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First, it makes no sense to talk about "adding" a square to both sides. What you mean is "square both sides". In that case, yes. If you have an equation a= b where a and b can be any mathematical expression, then f(a)= f(b) where f is any function. I think that is what you were trying to say.
However, in your example you need parentheses: e^2= (mc^2)^2 which is the same as e^2= m^2c^4. What you wrote would be e^2= m(c^2)^2= mc^4. 


#10
Apr713, 08:29 PM

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#11
Apr813, 12:15 PM

P: 147

All I want is a simple, intuitive proof of commutativity. 


#12
Apr813, 12:24 PM

P: 147

[IMG codes don't seem to be working] 


#13
Apr813, 02:09 PM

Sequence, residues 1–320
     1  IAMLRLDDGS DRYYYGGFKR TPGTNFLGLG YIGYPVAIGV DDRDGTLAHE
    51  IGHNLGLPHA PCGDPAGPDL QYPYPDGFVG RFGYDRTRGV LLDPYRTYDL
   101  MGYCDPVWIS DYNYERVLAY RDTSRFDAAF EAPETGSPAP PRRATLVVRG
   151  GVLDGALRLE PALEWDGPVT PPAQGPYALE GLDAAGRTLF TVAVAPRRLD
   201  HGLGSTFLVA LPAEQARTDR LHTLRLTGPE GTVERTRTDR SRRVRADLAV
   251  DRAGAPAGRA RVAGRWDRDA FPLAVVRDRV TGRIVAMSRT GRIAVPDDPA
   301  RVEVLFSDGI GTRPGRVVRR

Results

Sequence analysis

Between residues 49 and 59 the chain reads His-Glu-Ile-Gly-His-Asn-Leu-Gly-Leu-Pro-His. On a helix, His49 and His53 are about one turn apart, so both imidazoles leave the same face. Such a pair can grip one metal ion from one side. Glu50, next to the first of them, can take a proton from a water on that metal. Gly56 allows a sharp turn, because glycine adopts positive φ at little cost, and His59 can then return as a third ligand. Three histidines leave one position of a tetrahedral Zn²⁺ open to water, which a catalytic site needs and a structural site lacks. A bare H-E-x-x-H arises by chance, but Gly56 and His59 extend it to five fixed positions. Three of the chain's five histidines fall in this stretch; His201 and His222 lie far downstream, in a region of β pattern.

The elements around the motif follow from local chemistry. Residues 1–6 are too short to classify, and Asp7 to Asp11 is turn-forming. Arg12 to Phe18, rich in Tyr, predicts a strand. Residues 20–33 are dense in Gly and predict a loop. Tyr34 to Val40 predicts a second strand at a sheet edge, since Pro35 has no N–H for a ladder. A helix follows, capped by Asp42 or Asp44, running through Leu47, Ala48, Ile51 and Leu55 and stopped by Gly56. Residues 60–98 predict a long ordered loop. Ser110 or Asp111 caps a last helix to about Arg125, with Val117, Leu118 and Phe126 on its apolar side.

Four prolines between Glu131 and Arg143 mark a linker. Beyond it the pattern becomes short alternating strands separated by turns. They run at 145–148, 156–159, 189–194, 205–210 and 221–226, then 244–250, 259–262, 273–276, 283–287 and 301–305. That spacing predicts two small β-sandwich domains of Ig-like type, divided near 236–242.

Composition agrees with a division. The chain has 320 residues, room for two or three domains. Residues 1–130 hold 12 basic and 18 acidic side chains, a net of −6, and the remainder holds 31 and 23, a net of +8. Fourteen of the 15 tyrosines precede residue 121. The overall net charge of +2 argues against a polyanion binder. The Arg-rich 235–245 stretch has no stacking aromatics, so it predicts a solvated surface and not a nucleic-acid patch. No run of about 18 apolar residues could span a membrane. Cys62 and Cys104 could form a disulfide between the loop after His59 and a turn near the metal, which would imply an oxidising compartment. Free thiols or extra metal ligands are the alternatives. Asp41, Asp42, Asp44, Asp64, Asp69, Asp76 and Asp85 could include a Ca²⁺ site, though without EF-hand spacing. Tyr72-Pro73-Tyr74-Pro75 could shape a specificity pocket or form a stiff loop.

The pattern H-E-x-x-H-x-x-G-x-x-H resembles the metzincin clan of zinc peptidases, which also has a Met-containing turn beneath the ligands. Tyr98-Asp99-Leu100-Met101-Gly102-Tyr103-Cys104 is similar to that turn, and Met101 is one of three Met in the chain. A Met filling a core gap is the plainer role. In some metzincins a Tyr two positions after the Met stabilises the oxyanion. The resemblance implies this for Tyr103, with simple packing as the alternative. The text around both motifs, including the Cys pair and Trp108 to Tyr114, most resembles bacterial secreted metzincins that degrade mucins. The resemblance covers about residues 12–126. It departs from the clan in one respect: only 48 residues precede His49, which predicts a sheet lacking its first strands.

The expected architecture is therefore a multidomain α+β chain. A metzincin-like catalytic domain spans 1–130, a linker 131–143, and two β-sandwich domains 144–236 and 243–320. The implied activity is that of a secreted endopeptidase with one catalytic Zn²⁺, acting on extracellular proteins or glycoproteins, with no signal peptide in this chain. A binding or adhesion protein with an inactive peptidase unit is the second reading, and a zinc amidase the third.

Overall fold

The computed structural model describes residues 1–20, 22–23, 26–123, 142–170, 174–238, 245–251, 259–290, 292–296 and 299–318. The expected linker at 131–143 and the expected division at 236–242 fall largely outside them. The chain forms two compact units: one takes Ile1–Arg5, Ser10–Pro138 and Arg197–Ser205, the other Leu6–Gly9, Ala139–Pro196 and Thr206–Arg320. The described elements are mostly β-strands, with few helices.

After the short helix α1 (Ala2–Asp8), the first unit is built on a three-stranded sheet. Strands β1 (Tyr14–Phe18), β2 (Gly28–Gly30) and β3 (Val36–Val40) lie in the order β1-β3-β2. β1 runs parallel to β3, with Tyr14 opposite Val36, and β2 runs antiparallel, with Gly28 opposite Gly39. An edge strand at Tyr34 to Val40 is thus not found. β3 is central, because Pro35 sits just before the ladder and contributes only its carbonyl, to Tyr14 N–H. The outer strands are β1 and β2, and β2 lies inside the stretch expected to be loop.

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I mentioned before that there are several different ways to define the real numbers. One is "Dedekind cuts" a real number is a set of rational numbers such that: The set is not empty. If x is in the set and y< x then x is also in the set. There exist at least one rational number not in the set. There is no "largest member" of the set. Another way is as an equivalence relation on the set of all increasing sequences of rational numbers having an upper bound. We say that two such sequences [itex]\{a_n\}[/itex] and [itex]\{b_n\}[/itex] are "equivalent" if and ony if the sequence [itex]\{a_n b_n\}[/itex] converges to 0. Then the "real numbers" are equivalence classes defined by that equivalence relation. A third way is to define rational numbers as that same equivalence relation defined on the set of all Cauchy sequences of rational numbers. We can then prove that xy= yx for rational numbers by using that property for rational numbers. Of course, all of those depend upon the rational numbers. We can define rational numbers as equivalence classes using an equivalence relation on the set of pairs (x, y) where x is an integer and y is a positive integer, defining (x, y) to be equivalent to (x', y') if and only if xy'= x'y. We can prove that xy= yx for rational numbers by using the same property for integers. And we define integers similarly: integers are equivalence classes using an equivalence relation on the natural numbers (positive integers) where (x, y) is equivalent to (x', y') if and only if x+y'= x'+y. We can prove that xy= yx for integers by using the same property for natural numbers. Finally, we can define the natural numbers using the "Peano axioms": The natural numbers consist of a set of objects, N, called "numbers", and a function, s(x), called the "succesor" function such that: There exist a unique number, "1", such that s(x) maps N one to one and onto N{1}. If a set X, of numbers, contains 1 and, whenever it contains x it also contains s(x), then X= N.